Sad day in England, carnival time in Kandy

While the News of the World were breaking an extraordinary story about spot-fixing, I was in a press conference listening to MS Dhoni explain to the Indian media why his team had been so shoddy so recently. Hearing the esteemed captain’s views on “pitches that are no good for one-day cricket because teams are 80 all out” and how “Gambhir and Tendulkar could have made the difference” are one thing, but smashing a multi-million pound betting racket is far more interesting.

It always seems a great pity that a rotten tabloid like the News of the World breaks such a magnificent story. Of course it is because they have no shame in stooping to the same level as the criminals they are after exposing. Setting traps and laying cash notes out for Fergie or illegal bookmakers is all part of the job at such a place. But what a story! And well done to them for finally getting something tangible on the Pakistan side. We have all suspected that the Pakistani team is often up to something. “They are just so unpredictable,” commentators always say. Well, they are unpredictable if you are none the wiser in your arm chair but it seems that for those in the know they are very predictable indeed.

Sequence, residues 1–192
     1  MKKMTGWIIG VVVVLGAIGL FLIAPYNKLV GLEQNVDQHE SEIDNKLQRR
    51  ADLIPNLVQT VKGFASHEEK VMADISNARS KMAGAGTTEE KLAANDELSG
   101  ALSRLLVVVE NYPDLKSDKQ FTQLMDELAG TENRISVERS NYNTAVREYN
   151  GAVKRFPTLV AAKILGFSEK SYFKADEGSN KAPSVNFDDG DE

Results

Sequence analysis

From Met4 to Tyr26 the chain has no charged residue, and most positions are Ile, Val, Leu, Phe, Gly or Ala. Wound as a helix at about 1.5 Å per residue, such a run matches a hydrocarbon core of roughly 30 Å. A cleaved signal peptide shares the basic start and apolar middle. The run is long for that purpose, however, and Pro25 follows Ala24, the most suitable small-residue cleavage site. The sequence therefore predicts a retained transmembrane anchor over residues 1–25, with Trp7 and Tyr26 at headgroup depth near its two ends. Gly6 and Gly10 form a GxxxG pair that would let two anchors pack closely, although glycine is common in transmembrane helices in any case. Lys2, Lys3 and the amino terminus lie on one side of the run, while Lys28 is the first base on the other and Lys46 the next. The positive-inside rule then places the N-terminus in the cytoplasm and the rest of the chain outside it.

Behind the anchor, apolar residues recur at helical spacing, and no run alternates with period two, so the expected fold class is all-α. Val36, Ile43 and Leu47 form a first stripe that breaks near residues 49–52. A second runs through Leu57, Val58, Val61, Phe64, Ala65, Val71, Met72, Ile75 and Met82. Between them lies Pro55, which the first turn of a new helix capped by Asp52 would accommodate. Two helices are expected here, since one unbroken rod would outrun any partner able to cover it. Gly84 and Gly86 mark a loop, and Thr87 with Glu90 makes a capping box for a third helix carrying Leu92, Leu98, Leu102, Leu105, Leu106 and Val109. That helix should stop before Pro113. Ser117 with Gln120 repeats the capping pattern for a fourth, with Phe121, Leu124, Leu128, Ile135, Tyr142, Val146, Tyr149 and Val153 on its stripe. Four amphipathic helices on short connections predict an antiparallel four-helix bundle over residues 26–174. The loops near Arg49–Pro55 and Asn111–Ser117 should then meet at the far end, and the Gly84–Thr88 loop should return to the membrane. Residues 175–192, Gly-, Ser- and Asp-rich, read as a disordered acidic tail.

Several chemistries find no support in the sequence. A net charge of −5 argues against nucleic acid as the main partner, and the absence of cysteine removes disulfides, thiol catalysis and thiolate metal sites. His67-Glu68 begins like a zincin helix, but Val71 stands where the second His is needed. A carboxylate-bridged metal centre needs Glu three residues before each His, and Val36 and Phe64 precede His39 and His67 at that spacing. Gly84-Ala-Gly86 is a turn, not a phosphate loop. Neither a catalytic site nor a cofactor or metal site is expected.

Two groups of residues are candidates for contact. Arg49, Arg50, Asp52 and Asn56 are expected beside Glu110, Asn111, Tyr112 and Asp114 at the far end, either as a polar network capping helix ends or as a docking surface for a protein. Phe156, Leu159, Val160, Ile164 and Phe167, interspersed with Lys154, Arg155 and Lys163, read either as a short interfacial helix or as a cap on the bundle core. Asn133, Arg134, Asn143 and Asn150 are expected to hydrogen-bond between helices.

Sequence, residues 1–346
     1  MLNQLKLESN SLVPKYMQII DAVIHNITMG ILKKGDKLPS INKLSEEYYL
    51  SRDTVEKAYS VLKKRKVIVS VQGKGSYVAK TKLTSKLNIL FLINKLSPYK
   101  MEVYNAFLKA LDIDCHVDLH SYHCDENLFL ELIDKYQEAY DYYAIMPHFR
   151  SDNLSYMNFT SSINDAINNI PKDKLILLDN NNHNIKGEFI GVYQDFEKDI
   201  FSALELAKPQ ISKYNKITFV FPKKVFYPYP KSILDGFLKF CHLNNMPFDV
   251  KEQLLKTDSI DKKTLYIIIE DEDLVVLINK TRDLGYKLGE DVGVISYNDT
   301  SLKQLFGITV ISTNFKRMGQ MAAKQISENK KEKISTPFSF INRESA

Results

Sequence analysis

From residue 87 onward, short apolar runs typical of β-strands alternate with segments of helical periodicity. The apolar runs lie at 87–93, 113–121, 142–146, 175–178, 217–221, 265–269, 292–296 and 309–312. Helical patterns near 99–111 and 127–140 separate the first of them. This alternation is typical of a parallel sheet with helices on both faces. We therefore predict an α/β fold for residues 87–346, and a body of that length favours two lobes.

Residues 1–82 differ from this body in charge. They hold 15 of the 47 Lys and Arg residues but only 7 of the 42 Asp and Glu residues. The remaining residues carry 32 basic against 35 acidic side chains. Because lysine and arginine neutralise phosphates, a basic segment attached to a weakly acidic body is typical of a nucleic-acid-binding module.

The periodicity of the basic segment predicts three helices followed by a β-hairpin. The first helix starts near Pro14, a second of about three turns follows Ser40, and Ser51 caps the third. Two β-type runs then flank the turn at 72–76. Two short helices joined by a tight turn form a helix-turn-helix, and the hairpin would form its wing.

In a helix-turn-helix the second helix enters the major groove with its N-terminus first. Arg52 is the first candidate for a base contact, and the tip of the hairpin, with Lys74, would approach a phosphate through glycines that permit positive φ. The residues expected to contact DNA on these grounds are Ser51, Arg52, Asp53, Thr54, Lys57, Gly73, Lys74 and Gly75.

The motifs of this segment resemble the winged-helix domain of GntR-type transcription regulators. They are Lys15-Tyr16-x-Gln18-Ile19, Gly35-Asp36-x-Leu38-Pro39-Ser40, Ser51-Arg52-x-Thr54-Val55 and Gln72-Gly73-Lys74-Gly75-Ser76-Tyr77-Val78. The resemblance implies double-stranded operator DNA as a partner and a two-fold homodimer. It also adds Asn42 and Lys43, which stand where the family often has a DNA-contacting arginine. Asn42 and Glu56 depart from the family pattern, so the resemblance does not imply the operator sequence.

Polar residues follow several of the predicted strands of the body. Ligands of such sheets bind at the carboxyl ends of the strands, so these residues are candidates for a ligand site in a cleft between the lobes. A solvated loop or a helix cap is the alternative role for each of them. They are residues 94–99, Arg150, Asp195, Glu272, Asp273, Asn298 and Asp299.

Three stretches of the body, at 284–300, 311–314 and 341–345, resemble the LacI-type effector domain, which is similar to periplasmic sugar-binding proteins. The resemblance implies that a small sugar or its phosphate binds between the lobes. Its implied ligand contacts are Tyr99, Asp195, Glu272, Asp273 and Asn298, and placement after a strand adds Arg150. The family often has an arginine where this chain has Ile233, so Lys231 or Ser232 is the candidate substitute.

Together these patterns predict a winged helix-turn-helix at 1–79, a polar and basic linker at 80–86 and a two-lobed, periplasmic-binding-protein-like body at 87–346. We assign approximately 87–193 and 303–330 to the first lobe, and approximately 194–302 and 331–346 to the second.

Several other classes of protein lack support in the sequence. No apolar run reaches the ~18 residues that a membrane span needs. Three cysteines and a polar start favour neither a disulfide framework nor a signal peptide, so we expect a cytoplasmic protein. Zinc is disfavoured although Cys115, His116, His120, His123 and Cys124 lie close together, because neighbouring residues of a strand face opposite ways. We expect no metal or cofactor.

I can’t imagine the ramifications of this bust on a side that has been playing some stonking good cricket recently. Doing their country proud while a million or so are trapped in floods at home has added a special element to the summer’s action. Pakistan did themselves proud in the MCC “Spirit of Cricket” series against Australia and Asif and Amir, two men implicated in the fixing rig, have shown that they are as good as any other quick bowlers in the world. Probably better.

The ICC has just issued a press release that the fourth day at Lord’s will go ahead as usual. Millions will tune in to watch Pakistan be humiliated in a match where they had England on the ropes and then somehow let the game slip away from their grasp. It is maddening that this Test will be remembered for a reporter who put a lot of cash on a table to organise a few no-balls (what is it with no-ball scandals recently?) rather than the fairytale 332-run eighth-wicket partnership between Broad and Trott that represented one of the biggest match turnarounds in Test cricket history. Pakistani players appear to have tainted the beautiful game of cricket. Again.